World Mental Health Day is an initiative of the World Health Organization (WHO) that is observed on October 10 every year. It celebrated its 25th anniversary in 2017. World Mental Health Day has an “overall objective of raising awareness of mental health issues around the world and mobilizing efforts in support of mental health.”
In other words, it is an opportunity for practitioners, scholars and everyday citizens alike to share their successes in the field of mental health and discuss what still must be done.
What was this year’s theme?
A yearly theme is set by the World Federation of Mental Health (WFMH). The theme for 2017 was mental health in the workplace. According to the WFMH, mental health issues lead to increased rates of employee absenteeism, lower rates of productivity and increased costs to businesses.
Potential solutions involve raising awareness to reduce the stigma, appreciating employees and fostering a supportive environment that is mental health-friendly. Further, individuals should remain aware and be able to identify signs of undue stress and burn-out, so they can be addressed by stress management programs.
How does mental health relate to poverty?
People who live in poverty are at a higher risk for a variety of mental illnesses. Further, people living in poverty often face mental illnesses that are more severe, last longer and have overall worse outcomes. Conflict and violence can further exacerbate mental illnesses, in particular anxiety, depression and post-traumatic stress disorder (PTSD). An overwhelming majority of people in such situations are living in poor physical health and are subject to human rights violation.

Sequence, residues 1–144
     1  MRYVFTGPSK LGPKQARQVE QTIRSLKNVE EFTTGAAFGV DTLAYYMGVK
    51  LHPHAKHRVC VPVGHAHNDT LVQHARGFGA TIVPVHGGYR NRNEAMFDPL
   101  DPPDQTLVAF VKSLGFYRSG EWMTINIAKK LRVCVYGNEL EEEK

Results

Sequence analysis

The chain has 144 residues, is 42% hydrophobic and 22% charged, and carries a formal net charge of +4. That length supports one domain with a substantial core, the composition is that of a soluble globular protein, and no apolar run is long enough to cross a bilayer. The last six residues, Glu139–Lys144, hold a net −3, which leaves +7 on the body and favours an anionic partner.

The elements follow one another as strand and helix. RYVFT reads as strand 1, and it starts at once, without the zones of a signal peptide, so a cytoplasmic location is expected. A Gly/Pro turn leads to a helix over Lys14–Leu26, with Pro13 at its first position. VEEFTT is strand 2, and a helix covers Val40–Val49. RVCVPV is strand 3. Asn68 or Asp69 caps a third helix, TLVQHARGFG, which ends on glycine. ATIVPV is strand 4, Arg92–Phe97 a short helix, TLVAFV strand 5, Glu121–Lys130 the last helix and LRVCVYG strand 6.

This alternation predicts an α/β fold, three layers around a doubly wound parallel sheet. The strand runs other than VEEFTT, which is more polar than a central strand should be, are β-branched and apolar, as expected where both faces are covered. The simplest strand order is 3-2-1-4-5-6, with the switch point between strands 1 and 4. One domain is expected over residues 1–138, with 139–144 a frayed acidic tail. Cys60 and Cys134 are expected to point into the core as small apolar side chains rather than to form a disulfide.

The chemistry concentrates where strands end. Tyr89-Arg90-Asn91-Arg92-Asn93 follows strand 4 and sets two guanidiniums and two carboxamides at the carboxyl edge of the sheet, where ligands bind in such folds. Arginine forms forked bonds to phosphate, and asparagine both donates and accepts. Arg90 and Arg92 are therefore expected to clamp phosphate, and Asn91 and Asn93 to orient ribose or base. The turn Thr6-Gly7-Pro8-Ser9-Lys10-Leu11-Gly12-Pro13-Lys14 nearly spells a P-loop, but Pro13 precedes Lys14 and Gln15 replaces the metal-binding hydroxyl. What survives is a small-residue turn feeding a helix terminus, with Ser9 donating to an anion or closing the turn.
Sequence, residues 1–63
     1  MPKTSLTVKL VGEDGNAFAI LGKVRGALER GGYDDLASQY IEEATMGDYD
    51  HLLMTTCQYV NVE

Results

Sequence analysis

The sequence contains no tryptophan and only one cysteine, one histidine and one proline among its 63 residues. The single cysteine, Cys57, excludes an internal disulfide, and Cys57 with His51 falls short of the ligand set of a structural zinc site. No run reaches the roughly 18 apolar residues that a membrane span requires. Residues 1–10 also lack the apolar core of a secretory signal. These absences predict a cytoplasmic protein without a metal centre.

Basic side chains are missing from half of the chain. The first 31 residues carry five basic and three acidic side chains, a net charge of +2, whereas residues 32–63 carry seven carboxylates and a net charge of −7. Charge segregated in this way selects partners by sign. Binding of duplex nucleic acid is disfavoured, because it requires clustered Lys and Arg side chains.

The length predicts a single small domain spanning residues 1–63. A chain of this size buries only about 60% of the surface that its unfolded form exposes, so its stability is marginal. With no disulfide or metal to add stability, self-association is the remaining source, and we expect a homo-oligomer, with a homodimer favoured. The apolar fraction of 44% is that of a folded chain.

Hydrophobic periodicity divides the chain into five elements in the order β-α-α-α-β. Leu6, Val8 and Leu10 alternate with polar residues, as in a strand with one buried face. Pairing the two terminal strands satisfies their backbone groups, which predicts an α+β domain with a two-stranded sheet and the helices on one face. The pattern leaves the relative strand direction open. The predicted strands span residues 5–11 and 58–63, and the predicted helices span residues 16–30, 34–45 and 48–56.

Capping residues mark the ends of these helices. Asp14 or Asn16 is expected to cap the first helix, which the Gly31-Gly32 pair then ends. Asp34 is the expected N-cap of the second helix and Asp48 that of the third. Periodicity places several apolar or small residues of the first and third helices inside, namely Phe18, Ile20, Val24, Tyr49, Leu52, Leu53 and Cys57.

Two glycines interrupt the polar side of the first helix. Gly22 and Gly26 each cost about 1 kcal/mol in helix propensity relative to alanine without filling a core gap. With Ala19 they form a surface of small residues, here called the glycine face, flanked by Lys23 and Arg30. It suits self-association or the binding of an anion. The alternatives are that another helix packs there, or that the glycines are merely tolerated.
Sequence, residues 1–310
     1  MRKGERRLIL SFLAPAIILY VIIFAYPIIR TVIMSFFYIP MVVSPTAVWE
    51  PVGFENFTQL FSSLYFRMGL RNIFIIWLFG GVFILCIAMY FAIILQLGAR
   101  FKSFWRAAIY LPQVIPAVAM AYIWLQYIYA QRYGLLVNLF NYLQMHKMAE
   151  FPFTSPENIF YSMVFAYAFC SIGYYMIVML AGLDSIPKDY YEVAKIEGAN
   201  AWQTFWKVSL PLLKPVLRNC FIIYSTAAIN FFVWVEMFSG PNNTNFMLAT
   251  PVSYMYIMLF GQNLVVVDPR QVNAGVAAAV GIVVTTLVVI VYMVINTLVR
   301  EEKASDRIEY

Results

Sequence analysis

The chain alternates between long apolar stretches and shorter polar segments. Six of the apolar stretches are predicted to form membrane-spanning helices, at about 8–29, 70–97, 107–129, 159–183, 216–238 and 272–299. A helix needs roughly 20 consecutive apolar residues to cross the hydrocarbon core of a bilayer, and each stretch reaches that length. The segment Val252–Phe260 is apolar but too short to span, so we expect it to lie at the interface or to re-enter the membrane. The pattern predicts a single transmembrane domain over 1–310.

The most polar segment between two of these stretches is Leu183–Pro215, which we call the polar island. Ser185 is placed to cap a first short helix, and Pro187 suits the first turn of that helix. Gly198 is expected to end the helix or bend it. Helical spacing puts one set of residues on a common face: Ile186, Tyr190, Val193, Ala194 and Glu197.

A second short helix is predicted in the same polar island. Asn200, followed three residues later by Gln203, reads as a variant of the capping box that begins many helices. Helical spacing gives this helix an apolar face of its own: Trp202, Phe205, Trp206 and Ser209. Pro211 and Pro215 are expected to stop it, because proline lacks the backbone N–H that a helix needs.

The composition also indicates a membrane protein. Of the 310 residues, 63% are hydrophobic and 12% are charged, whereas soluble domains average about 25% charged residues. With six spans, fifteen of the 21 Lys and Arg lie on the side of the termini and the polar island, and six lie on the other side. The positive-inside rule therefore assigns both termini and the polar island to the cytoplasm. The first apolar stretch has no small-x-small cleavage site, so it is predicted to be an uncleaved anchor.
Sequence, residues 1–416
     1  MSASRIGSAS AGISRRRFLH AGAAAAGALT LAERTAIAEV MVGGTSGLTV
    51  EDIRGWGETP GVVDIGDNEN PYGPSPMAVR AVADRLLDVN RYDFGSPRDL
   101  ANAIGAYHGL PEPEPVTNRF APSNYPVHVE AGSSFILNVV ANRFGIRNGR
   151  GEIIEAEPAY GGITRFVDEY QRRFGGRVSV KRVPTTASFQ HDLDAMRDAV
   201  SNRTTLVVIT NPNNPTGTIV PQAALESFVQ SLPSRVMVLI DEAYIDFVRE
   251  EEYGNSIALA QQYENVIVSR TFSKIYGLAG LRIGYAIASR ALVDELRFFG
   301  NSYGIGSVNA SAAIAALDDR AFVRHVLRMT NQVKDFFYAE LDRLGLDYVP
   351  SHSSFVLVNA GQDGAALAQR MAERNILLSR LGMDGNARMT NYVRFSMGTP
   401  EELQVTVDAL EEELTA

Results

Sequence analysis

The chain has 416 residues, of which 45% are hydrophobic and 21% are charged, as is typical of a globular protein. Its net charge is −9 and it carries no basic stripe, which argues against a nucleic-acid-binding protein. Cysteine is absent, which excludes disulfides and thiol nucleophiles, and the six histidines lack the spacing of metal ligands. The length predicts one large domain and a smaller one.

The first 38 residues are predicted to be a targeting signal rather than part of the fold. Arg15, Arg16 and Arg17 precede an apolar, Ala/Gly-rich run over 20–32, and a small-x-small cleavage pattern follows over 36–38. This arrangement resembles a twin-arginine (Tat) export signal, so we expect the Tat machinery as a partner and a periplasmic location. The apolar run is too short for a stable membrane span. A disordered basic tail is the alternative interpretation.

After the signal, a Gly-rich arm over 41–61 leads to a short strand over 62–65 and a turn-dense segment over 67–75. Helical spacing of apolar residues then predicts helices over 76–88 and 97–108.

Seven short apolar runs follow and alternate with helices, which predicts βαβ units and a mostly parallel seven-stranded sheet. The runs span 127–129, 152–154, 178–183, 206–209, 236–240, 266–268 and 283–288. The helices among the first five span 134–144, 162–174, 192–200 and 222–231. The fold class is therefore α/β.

The prevalence of mental illness cannot be considered without other areas of development, including education, employment, responses to emergencies and/or natural disasters, etc. These are all issues that are also intrinsically linked to poverty.
The psychological burden of poverty, which includes anxiety and stress, and of witnessing trauma or violence is the main contributing factor to mental illness for those living in poverty. The long-term mental health effects of poverty are even more egregious for children. Long-term exposure to stress hormones triggered by trauma, food insecurity and poor physical health irreversibly affect brain development in children.
In 2013, the WHO created and committed to a mental health action plan with the goal of increasing access to services for mental illnesses in 135 countries. The goal was to increase access by 20 percent and reduce suicide rates by 10 percent by 2020.
The Convention on the Rights of Persons with Disabilities, which entered into force in 2006, has also been instrumental in raising awareness of the unique ways in which poverty and human rights violations can cause disabilities and exacerbate the symptoms of pre-existing disabilities.
Other potential solutions include integrating mental health services into all physical health services and codifying mental health policies alongside other health policies. This would include mental health awareness and policies in emergency response scenarios, as well as providing a mental health curriculum to schools.
World Mental Health Day may not be the final solution to reducing stigma and increasing access to mental health services across the world, but it is an important step in legitimizing and validating mental health on the world stage.
– Olivia Bradley